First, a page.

The major German publishing house, Springer, also defends Pegida. On Friday, the chief commentator of the Welt-Gruppe, Jacques Schuster, complained that critics of the right to asylum in Germany were too “quickly branded as right-wing extremists” and were being subjected to an “unparalleled campaign of defamation”.

The encouragement and support provided by the media and politicians to this fascistic mob is part of a comprehensive turn to the right in German politics. In the past year, not only have austerity measures in Europe been intensified, but—above all—the return of German militarism was prepared.

The German government’s policy of aggression towards Russia and its interventions in the Middle East have been widely rejected by the population. To implement an aggressive foreign policy against this opposition, the dregs of society are now being mobilised. As was the case prior to the Frist and Second World Wars, the ruling elite is resorting to chauvinism and xenophobia in order to advance its imperialist and militarist agenda.

This development is by no means limited to the streets of Dresden. In German universities, history is being revised and the crimes of German militarism downplayed. The aim is to prepare the ground for the revival of German nationalism.

Professor Jörg Baberowski, who heads the Department of History of Eastern Europe at Humboldt University, told Der Spiegel in February, “Hitler was no psychopath, and he wasn’t vicious.” And his colleague, Professor Herfried Münkler, said that “the pursuit of a responsible foreign policy would be impossible if one had the perspective that we are guilty of everything.”

New crimes are being prepared with the help of such historical falsifications combined with the foul media campaign. Just as they did 80 years ago, the aggressive policies of German imperialism are bound up with moves towards dictatorship and the mobilisation of fascistic elements.

The fight against Pegida must therefore be bound up with a struggle against militarisation and all the bourgeois political parties that promote it. This in turn requires an uncompromising struggle to expose those hypocrites in the government who have spoken out against Pegida but fully support the imperialist agenda of the ruling elite.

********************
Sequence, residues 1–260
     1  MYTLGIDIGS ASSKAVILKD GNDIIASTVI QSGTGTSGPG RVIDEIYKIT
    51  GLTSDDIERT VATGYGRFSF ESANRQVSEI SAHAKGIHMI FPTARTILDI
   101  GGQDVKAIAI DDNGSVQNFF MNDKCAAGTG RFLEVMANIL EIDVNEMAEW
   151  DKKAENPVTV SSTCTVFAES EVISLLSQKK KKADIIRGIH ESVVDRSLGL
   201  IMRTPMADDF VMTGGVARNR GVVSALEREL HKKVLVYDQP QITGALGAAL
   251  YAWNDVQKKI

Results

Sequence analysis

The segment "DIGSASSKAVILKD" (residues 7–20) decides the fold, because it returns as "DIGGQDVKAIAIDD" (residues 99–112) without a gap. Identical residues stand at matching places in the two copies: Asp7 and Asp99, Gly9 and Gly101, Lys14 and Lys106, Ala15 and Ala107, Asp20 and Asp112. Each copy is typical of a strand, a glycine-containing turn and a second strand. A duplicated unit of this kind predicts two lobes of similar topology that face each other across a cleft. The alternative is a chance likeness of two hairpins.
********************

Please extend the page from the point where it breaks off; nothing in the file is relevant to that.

It should be noted that chorus of opposition to Pegida in ruling circles increased just at the moment counter-demonstrations began to take on a mass character and the foreign press began to report on the right-wing Pegida demonstrations.

In her New Year’s address, Chancellor Angela Merkel criticised the demonstrations. According to Merkel, one slogan used by Pegida— “We are the people” had been misappropriated from the mass movement 25 years ago, which led to the fall of the Berlin wall and the dissolution of the DDR. Now, according to Merkel, it was being used by Pegida to tell foreigners “you don’t belong here because of your race or your religion.” Immigration, Merkel continued, is “an advantage for everyone.”

On Tuesday, former chancellor Helmut Schmidt (Social Democratic Party, SPD), now 96 years old, spoke out against the demonstrations, saying, “Germany must remain tolerant and open to the world. Therefore, a clear no to Pegida!” In the tabloid Bild-Zeitung, his successor, Gerhard Schröder (SPD), demanded “an uprising of all decent people” against the right-wing demonstrations.

The hypocrisy of these statements is staggering. It was the SPD that in 1993 supported the CDU’s complete undermining of Germany’s postwar right to asylum. Since then, every successive government has devoted itself to shielding Germany from refugees. In the last 15 years, 25,000 migrants have drowned in the Mediterranean alone as a result of the tightening of European border controls—with the support of German governments. If the refugees nevertheless make it to Germany, they are crammed into lodgings unfit for human beings, where they are prone to become the victims of abuse and torture.

A particularly pernicious role is being played by Gregor Gysi and the Left Party. Its appeal for an “alliance of all democrats against Pegida” is aimed at supporting precisely the government policy that has led to the mobilisation of the right-wing mob.

The only basis for an effective struggle against both militarism and the threat of right-wing, protofascist organisations such as Pegida is the political mobilisation of the working class on the basis of an international socialist programme.